Seven years ago, the exposure of the paranormal led to the tumultuous downfall of human society. Now, the legions of the fae rule the broken world, and humanity has nothing left but a handful of protected cities and a heaping helping of regret. Enter Vincent Whelan. Half fae and former cop, he’s become the best-known stretch scavenger in Kinsale, North Carolina, braving the “stretches” outside his city to recover precious items lost in the collapse. He makes good money. Lives the good life. Has a good future in store. As long as he can ignore his traumatic memories of the past. But when a new job with an odd twist blows onto his doorstep, Vince finds himself unwittingly drawn into a vast conspiracy lurking underneath Kinsale’s thin veneer of civilization. Old friends suddenly return to haunt him. New enemies appear at every turn. And Vince fears he isn’t prepared to confront either one. But if he doesn’t put his detective hat back on and solve this case on a tight deadline, then what’s left of the city he calls home might just crumble to dust.

I already knew that Clara Coulson is a solid writer, but switching from a beloved series (City of Crows) to a new one is always risky. You’re always comparing the new series to the old one. I’m relieved that Coulson’s writing prowess continues in this new series, and the flavor is different enough from City of Crows, that it doesn’t feel rebranded.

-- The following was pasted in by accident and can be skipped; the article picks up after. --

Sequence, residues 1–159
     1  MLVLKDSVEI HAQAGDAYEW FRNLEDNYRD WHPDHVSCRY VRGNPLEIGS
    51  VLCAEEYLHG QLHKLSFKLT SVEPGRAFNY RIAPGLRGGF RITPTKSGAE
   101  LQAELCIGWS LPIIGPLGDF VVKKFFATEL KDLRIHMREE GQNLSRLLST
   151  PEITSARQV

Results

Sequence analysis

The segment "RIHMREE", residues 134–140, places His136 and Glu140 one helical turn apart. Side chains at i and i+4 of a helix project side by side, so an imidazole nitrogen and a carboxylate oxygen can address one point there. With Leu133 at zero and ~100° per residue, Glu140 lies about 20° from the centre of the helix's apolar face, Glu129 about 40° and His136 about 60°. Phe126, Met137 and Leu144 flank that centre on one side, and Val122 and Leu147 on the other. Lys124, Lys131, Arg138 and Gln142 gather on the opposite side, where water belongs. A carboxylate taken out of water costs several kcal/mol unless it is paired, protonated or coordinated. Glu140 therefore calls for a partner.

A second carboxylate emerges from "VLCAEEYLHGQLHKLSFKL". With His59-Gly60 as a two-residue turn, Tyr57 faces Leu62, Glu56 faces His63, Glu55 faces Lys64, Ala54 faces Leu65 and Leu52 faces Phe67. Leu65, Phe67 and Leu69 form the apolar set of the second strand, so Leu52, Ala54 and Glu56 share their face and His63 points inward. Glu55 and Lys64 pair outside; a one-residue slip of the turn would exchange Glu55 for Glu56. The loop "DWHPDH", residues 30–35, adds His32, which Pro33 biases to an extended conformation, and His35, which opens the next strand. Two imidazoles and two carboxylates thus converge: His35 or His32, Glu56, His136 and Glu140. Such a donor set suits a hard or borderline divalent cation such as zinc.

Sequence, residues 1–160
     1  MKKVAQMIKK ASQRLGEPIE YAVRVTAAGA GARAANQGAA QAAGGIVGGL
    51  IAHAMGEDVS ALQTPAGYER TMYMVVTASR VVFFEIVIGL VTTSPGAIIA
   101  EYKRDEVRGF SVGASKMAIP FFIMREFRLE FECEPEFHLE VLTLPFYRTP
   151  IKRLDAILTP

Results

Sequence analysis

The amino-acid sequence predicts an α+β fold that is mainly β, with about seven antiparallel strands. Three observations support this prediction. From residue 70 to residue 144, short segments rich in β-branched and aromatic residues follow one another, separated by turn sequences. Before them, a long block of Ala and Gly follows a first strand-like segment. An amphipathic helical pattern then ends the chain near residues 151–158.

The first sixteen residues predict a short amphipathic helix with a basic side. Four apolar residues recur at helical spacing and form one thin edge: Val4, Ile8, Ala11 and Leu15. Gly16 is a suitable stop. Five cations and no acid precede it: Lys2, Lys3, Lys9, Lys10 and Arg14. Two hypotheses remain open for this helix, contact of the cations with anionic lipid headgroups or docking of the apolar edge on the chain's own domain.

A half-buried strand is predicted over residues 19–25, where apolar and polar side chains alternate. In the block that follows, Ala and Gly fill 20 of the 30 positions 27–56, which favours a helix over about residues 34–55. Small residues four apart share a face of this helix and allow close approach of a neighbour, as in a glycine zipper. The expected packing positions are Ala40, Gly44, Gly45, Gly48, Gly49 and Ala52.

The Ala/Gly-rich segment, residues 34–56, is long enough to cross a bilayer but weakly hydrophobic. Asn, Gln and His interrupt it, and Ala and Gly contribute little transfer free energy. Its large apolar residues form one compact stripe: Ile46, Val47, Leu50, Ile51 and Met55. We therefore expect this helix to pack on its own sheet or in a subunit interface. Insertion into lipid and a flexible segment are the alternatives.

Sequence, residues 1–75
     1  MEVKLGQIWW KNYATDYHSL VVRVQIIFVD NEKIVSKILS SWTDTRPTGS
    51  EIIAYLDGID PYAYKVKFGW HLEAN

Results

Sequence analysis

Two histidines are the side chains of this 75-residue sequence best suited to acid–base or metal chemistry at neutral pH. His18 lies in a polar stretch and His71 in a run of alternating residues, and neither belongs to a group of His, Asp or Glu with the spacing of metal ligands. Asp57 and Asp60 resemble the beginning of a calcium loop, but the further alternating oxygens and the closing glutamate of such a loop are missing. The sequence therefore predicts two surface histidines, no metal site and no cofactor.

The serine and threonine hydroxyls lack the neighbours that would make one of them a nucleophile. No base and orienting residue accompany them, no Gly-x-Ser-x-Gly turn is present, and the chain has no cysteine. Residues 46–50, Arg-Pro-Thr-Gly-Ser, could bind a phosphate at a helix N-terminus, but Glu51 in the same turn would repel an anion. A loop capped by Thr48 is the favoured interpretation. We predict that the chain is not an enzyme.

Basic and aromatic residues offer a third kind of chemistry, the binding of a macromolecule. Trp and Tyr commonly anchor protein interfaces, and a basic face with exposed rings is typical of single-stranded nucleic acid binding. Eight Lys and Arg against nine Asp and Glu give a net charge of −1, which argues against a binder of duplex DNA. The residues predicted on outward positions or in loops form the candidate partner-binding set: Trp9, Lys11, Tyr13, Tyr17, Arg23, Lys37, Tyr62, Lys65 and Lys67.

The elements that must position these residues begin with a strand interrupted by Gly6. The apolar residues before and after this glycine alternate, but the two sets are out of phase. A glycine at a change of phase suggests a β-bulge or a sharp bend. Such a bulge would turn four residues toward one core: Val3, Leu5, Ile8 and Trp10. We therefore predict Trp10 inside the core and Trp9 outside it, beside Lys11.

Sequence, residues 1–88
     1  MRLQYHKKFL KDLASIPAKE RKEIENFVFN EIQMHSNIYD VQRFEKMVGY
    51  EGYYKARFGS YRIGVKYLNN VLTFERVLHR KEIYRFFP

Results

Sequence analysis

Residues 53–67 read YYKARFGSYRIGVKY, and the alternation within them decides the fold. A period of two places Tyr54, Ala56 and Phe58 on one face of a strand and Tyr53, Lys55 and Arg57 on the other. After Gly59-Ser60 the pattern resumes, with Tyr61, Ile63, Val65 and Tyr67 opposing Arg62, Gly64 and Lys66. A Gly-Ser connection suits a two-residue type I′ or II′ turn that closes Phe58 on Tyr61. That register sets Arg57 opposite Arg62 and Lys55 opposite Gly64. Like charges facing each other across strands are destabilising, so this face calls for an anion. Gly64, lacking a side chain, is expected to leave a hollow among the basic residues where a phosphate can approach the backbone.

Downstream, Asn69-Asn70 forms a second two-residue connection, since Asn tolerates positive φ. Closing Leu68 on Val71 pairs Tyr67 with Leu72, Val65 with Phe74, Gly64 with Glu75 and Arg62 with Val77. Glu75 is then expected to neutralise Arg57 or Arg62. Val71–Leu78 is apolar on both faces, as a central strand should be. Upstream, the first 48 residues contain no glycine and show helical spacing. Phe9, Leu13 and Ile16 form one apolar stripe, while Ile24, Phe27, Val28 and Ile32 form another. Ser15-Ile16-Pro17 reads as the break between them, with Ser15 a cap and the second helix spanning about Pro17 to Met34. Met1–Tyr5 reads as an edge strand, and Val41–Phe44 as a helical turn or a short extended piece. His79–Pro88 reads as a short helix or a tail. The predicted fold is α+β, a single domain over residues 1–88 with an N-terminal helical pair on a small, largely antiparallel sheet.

The world building is fun, and we’re thrust into the action right away. That action sets the tone for the rest of the story, and we immediately like the protagonist. But Vince has secrets. Secrets that can get him killed, and throw the world into chaos. Protagonists just have the worst luck, right?

As usual, the characters are compelling, suffering from foibles, and they overcome these foibles to show us their hidden strength. It’s easy to identify with Vince as he struggles to live in his society. This is trueurban fantasy, whereas City of Crows is hiddenurban fantasy. The supernatural creatures live along side humans.

Another great read from Clara Coulson, and I look forward to reading more in this series. Although I received an advance reader copy from the author, the editing and formatting is suburb. Five stars, and a must read for fans of urban fantasy.

Therin-Knite

Clara Coulson was born and raised in backwoods Virginia, USA. Currently in her mid-twenties, Clara holds a degree in English and Finance from the College of William & Mary and recently retired from the hustle and bustle of Washington, DC to return to the homeland and pick up the quiet writing life. Clara spends most of her time (when she’s not writing) dreaming up new story ideas, studying Japanese, and slowly reading through the several-hundred-book backlog on her budding home library. If she’s not occupied with any of those things, then you can probably find her playing with her two cats or lurking in the shadows of various social media websites.

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http://www.claracoulson.com/